Thursday, September 22, 2011

Engineered Geothermal System Energy - In the UK and a global perspective

In the coming days, geothermal experts from all over the world are gathering to take part in the Geothermal Symposium organised by UK developer EGS Energy. The focus is going to be on the development of engineered geothermal systems (EGS) and how it can take the sector forward in to a different league.

Over 100 participants from public organisations, Government, investors and academics are expected to meet on Tuesday 27th September in London, UK in order to discuss prospects for near future. Agenda is to provide them with an update on the progress of the geothermal industry. The content of the Symposium is divided into two main parts. The first one is dedicated to the development of EGS worldwide. The organisers managed to attract important contributors who will share their opinions and experience in the frame of EGS field. Among others, representatives of International Energy Agency (IEA), U.S. Department of Energy (DoE), stakeholders from Australia, South Korea, France and Germany will be present. The main idea is that many countries outside of the ‘ring of fire’ in the future will be able to source renewable energy from below their feet.

The second part will be related with the development of EGS in the host country – UK. Speakers are expected to present geothermal project in Cornwall, North-Eastern England projects and geothermal resources in Scotland. The UK’s geothermal resources are substantial, with Cornwall having some of Europe’s highest heatflows.  Elsewhere in the country, there are plenty of areas that exhibit the right qualities to make the use of geothermal energy quite possible but further research needs to be done to specify the optimum spots.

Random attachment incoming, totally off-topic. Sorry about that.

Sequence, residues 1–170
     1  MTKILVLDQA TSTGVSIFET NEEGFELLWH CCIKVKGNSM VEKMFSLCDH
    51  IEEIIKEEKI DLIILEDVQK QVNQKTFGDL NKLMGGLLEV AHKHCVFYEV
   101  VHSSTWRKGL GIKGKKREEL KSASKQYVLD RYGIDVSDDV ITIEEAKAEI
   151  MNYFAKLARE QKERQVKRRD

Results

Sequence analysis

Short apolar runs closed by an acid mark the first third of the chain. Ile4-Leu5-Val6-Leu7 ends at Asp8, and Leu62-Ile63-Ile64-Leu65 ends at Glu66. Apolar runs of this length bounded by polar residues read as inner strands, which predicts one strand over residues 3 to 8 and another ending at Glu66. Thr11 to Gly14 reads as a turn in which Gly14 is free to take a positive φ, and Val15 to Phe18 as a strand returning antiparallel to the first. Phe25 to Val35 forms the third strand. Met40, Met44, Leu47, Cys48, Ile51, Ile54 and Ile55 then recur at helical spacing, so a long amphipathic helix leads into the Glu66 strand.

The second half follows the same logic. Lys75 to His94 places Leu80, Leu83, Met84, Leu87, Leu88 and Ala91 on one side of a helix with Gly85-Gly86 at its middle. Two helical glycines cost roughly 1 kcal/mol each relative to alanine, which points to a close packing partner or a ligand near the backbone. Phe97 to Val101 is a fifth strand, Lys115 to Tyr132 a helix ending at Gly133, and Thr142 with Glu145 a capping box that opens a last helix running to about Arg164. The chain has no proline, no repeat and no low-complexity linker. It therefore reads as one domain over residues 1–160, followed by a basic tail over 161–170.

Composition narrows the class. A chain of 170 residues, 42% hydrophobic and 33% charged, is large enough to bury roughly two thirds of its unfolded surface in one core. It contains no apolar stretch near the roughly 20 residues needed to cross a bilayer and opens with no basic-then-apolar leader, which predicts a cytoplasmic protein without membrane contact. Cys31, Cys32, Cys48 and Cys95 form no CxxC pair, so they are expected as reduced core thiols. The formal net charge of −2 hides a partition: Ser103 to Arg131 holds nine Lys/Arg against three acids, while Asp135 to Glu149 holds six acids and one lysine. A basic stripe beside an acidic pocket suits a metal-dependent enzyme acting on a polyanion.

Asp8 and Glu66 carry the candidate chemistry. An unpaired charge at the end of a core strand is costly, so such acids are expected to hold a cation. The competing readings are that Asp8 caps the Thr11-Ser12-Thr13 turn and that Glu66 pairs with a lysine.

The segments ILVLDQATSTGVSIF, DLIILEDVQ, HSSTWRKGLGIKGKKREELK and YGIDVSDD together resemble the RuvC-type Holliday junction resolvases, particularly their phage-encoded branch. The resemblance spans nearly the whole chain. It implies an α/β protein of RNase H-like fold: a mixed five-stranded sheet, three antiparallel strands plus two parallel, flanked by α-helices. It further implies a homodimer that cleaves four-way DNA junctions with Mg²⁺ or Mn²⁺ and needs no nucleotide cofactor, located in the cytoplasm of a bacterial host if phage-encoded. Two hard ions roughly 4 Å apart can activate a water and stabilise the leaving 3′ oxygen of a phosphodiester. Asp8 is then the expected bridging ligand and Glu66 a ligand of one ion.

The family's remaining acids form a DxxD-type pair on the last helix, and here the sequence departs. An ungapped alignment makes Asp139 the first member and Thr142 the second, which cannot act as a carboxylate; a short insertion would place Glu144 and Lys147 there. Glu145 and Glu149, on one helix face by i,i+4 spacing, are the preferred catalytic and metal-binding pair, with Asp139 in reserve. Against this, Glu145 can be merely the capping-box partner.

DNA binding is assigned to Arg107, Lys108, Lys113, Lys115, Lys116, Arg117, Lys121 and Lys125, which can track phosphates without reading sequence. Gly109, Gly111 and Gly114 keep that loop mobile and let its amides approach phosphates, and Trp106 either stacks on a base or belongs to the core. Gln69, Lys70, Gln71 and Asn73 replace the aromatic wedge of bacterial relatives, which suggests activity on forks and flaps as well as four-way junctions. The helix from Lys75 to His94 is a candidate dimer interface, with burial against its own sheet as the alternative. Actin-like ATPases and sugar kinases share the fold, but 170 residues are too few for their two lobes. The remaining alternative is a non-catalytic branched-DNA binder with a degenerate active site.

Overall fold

There is an impressive array of projects under way: from consented developments in Cornwall to the recent announcement by the Scottish Government of funding for research there; from plans for use of geothermal in horticulture in the Isle of Wight to drilling under way in Newcastle. It is important to note that the technology is already in use elsewhere in Europe and now is the opportunity for experienced teams to assist in taking forward the sector in the UK. The likely focus of attention of the Symposium will be the issues of scaling up, sustainability and industrial partnerships.

Power from geothermal sources is large scale, despatchable, emissions free and with a small footprint on the surface. Events such as this move this renewable energy sector forward, so that it may become more and more confident in its ability to offer part of the solution to the rising demand for energy from renewable sources.

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